Why David Laws was right

Appearing on the BBC earlier today, David Laws made the point that the Conservative Party’s lead in the opinion polls is fairly modest at the moment compared with Labour’s in the run-up to 1997.

This led Mike Smithson to blog:

Why’s the LD schools spokesman getting it so wrong?

You’ll have to indulge me if you think I’ve banged on about this too much – but I have a real “bee in my bonnet” about the phoney invalid polling comparisons that journos, pundits and politicians are rushing to make when they compare the polling position at the moment with what went on in 1996/97…

Mike went on to point out how most pollsters over-estimated Labour’s support before polling day in 1997, adding that:

One pollster was totally out of line – ICM. Then, as now, it mostly had higher ratings for the Lib Dems and much smaller shares for Labour. And guess what happened on election day? Its approach was proved right.

I’d agree with that praise for ICM. But David Laws’s comments are fully justified by the ICM figures.

Since last summer (i.e. August 2008-March 2009), the Conservative lead in the ICM polls has varied between 5% and 15%.

If you look back at August 1995-March 1996*, the Labour lead in the ICM polls varied between 14% and 22%. There is a small overlap between these two ranges, but overall the Labour lead in 1995/6 was much higher than the Conservative lead in 2008/9, averaging 18% for Labour compared to 12% for the Conservatives.

Moreover, due to the way their respective vote shares are distributed across the country, the Conservatives need a larger lead to have an overall majority than Labour – so in fact the relative position for them is even worse than the 18% vs 12% figure suggests.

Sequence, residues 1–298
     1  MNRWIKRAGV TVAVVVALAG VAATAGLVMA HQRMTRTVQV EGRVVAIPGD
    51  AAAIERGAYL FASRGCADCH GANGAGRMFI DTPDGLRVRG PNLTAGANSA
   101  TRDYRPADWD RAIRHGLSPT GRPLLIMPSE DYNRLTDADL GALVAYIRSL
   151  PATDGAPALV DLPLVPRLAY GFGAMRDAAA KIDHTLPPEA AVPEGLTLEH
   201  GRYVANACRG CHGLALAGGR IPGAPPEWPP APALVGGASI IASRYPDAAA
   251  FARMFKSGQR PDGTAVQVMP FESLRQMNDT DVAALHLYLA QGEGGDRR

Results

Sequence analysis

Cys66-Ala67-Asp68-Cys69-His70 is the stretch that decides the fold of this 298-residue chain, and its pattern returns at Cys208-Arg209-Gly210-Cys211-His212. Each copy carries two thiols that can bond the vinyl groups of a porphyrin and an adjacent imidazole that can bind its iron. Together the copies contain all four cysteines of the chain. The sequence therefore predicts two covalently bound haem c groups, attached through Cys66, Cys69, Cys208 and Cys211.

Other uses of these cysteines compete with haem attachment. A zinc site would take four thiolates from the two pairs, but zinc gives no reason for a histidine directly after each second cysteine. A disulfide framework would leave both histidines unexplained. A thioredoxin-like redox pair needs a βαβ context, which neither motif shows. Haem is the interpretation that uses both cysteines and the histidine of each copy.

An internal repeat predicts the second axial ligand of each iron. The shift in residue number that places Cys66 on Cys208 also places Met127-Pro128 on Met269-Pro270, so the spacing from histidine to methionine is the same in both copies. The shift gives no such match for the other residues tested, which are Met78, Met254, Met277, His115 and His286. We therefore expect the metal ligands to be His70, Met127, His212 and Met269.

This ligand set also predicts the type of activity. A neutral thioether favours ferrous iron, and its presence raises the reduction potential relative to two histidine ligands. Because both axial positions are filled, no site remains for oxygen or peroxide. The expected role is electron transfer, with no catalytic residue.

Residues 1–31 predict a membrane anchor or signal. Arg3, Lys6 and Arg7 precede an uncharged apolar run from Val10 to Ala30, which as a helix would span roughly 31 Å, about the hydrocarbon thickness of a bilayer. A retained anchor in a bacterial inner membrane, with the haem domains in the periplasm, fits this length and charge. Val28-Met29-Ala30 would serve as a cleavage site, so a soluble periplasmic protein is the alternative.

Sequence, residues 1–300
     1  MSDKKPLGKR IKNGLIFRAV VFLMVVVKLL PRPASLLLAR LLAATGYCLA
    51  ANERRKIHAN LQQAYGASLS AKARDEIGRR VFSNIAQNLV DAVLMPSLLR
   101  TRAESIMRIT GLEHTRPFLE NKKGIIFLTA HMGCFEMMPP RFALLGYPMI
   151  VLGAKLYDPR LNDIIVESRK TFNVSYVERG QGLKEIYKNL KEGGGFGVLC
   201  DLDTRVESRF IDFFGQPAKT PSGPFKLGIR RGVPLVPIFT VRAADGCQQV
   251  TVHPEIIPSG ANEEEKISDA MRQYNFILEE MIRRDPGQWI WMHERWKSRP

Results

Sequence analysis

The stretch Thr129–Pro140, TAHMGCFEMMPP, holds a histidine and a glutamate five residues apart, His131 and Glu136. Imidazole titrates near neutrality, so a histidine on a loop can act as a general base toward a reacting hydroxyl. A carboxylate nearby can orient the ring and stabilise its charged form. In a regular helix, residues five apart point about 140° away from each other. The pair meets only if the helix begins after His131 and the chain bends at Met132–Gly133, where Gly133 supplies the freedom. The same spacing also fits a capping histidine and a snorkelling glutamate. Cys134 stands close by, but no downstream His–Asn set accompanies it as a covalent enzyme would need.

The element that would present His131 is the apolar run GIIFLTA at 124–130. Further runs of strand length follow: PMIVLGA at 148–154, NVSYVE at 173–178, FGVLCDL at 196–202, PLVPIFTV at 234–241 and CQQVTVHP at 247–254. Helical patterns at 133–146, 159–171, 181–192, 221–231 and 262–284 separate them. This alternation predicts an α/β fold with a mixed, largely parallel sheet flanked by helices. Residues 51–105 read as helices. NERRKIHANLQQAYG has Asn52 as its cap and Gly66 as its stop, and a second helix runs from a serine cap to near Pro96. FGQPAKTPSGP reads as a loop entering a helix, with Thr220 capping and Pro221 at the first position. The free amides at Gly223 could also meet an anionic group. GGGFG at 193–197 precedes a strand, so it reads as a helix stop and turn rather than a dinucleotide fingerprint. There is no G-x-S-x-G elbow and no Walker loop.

Sorry Mike, but on this one I think you’ve got it wrong: the Conservative lead is consistently significantly lower than the comparable Labour lead was.

* This is the comparable period for a 2010 election. But the point also stands for a 2009 general election, for example if you take the period August 1996-March 1997 instead.

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21 Comments

  • David Laws was badly wrong. What you are both ignoring is that pre the 1997 GE the polls tended to grossly overstate Labour because of errors in polling analysis including little/no adjustment was made for liklihood of voting. Now the polls tend to be adjusted for this factor and are much more reliable in consequence.

  • And what happened in the last year? The polls moved, as ever, in the Tories’ favour.

  • LS spot on. Mike Smithson and an expert guest of his have published a lot of data which suggests the Tories tend to pick up at GE’s compared with the polls in the year or so pre the elections.

  • While you are right about ICM being accurate, those polling figures got Labour a landslide win, DC doesn’t need a landslide, just a majority, and he can do that without a 20 point poll lead

  • mark, I have no idea whether you are an expert on polls, but I think I’d rather listen to Mike Smithson, or Anthony Wells (www.ukpollingreport.co.uk) who do actually know what they are talking about. 1997 is a quite ridiculous comparison anyway.It is unlikely that the electorate will ever be duped again into believing a change of government would deliver miracles

  • “It is unlikely that the electorate will ever be duped again into believing a change of government would deliver miracles”

    Perhaps the American electorate has been …